How do we celebrate both press freedom and the ending of Page 3? Very easily

The campaign to bring this ‘Sun’ institution to an end was a model of its kind

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Can it really be true? That Page 3, one of the most loved and loathed traditions in British life, is no more? Despite the nudging and winking that Rupert Murdoch has been making to the No More Page 3 campaign in the past two years, saying that he thought topless women in his newspaper was all a bit out of date, I never really believed it would happen so soon. But it seems to be the case that after 44 years, Lissy Cunningham, 21, from Manchester, became the final Page 3 girl when she appeared last Friday.

This is a stunning victory for the No More Page 3 campaign, set up by Lucy Anne Holmes in August 2012 after seeing the contrast in The Sun between, on the one hand, Olympic heroes like Jessica Ennis, and on the other, topless women. I signed the petition a month after it started, because Page 3 seemed so out of date in the 21st century. To me, it was about role models and the portrayal of young women in the media. I would never want my daughter, then aged two, to grow up thinking this was normal in a mainstream newspaper. Now nearly 220,000 people have signed the petition, which is an extraordinary achievement.

But what’s this, I hear Twitter say? How can people like me - who only two weeks ago held up their pens in defiance to declare “Je suis Charlie” in the wake of the Paris attacks, who believe in freedom of speech even if it causes offence and because, as David Cameron said at the weekend, the right to offend is an essential part of a free society - want to see the end of Page 3? How does getting our feminist knickers in a twist about semi-naked women sit with defending the right of Charlie Hebdo to publish cartoons of the Prophet Mohamed?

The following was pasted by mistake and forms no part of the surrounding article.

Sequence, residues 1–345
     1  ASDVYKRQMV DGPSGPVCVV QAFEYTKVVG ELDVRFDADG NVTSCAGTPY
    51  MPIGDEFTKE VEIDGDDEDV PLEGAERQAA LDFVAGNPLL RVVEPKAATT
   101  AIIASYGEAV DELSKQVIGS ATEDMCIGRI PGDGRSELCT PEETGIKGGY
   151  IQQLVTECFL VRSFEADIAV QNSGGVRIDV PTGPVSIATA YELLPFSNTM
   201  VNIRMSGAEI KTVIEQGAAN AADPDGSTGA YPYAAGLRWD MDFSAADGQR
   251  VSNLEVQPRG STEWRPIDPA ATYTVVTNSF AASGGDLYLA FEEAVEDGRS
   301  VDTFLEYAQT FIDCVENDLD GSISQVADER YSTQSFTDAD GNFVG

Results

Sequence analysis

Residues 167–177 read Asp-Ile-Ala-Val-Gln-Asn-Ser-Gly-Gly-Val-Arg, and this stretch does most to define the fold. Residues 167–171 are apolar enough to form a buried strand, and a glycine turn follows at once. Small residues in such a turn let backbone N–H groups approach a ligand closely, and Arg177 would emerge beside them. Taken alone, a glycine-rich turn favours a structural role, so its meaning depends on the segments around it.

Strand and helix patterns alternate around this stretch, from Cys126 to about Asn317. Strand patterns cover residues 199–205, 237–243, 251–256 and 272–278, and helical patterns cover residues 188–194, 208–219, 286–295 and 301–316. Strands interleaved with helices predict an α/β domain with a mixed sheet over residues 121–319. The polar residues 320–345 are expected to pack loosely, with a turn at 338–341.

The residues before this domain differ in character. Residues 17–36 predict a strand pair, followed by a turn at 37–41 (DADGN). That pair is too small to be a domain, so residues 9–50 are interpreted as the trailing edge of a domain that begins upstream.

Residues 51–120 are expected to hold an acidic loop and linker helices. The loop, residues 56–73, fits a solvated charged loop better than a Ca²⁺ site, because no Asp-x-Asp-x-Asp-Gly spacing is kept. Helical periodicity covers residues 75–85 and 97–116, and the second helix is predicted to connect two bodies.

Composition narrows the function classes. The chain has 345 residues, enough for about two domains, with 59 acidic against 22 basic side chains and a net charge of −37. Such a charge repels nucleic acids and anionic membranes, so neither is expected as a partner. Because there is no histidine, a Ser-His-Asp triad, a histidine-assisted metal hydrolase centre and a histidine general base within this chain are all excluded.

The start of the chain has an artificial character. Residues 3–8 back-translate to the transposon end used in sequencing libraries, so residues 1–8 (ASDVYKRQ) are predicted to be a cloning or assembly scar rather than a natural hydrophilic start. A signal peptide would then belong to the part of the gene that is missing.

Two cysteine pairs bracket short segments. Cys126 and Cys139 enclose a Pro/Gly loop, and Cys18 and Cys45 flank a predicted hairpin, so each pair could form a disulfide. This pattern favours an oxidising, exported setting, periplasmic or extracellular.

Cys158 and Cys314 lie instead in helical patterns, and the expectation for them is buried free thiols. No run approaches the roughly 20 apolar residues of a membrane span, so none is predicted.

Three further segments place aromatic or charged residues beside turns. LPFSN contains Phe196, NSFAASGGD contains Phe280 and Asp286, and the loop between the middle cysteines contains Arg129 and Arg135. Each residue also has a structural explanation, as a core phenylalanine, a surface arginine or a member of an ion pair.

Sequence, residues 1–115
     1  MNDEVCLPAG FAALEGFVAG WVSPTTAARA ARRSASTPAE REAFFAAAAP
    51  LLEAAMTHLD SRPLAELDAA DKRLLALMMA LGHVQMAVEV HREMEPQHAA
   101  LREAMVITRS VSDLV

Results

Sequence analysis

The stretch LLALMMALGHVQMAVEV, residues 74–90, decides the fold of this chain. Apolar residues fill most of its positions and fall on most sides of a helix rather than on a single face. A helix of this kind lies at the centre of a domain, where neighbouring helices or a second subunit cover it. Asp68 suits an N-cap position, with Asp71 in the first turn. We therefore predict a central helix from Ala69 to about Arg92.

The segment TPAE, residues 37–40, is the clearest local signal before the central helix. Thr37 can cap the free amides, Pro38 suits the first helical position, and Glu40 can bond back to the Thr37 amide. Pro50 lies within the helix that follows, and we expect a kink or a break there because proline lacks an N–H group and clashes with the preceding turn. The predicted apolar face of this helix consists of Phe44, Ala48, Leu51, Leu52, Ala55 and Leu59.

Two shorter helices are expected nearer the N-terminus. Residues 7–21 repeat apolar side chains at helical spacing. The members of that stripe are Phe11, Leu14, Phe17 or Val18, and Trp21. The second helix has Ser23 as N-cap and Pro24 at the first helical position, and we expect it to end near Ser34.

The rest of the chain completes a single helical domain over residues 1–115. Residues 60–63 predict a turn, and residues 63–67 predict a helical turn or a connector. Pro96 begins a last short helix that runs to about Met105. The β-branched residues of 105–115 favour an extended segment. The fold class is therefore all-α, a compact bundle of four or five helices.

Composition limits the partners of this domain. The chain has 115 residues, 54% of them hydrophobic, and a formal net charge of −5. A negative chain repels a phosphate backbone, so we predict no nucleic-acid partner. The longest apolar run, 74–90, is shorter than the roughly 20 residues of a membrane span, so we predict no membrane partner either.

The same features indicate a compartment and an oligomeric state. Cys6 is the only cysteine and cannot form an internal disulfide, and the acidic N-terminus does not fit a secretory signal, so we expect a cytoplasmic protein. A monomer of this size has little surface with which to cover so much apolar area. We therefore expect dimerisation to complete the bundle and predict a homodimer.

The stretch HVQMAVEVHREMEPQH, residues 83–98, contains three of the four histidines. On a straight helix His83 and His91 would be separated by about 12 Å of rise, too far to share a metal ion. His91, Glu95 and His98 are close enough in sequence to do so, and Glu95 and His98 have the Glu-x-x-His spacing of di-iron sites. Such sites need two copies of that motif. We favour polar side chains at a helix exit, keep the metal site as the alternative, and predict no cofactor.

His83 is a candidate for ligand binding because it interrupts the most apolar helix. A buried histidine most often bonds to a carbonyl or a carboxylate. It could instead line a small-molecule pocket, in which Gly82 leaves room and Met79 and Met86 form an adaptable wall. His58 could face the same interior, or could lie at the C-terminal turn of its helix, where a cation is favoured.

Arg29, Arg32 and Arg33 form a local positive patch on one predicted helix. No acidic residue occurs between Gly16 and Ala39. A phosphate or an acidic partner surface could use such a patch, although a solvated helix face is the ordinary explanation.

To which I say this: rather easily. The No More Page 3 petition and campaign was never about demanding a ban. Clare Short, in 1986, tried to introduce legislation to get rid of Page 3, and while the former MP should be applauded for putting up with being called “fat” and “jealous” by The Sun for all these years, I never agreed with the idea of having a law against nudity in newspapers.

Holmes and her fellow campaign organisers never threatened, bullied or waged terror. They stood in T-shirts outside The Sun’s offices. They organised a petition, which, with the help of social media, grew organically and popularly. There was no suggestion of a law or regulation by the state. The Sun, owned by a company, News UK, has the right in a free society to print photographs of bare breasts. Citizens of a free society have the right to organise a petition and, if it takes off like this one did, so be it. That’s freedom of expression. That’s democracy.

In the end, Rupert Murdoch, at 83 still an astute businessman, recognised that the world was changing. The vast numbers of signatures on the No More Page 3 petition showed him that, but so did the zeitgeist. Ten years ago, when Short tried to relaunch her campaign, there was barely any support. When Holmes launched her petition it caught the changing social mood. Now, in 2015, Page 3 looks so out of date.

When I was at university in the 1990s, all the young men, even the ones who thought they were trendy, had subscriptions to Loaded and pictures of naked women on their student hall bedrooms. It was post-Benny Hill “irony”, when a model or actress was semi-naked on the front cover, so it was OK. Yet it still made me and my female friends uncomfortable. Now there is a new generation that thinks all of this is rather naff. Nuts magazine has closed and Loaded has been rebranded. And among the millennials, it is both men and women who are not OK with Page 3.

Page 3 model Rhian Sugden tweeted: “It’s only a matter of time before everything we do will be dictated by comfy shoe wearing… no bra-wearing… man-haters.” But those who signed the petition are women and men, wearing comfy shoes and high heels. To be opposed to Page 3 is not to hate men. It is to want women to be recognised for their brains and their talent, not their breasts.

So no, this is not a blow for freedom of expression. Nearly a quarter of a million people had the freedom to express the view that they didn’t like Page 3. And a newspaper proprietor had the freedom to come to the conclusion that they were probably right.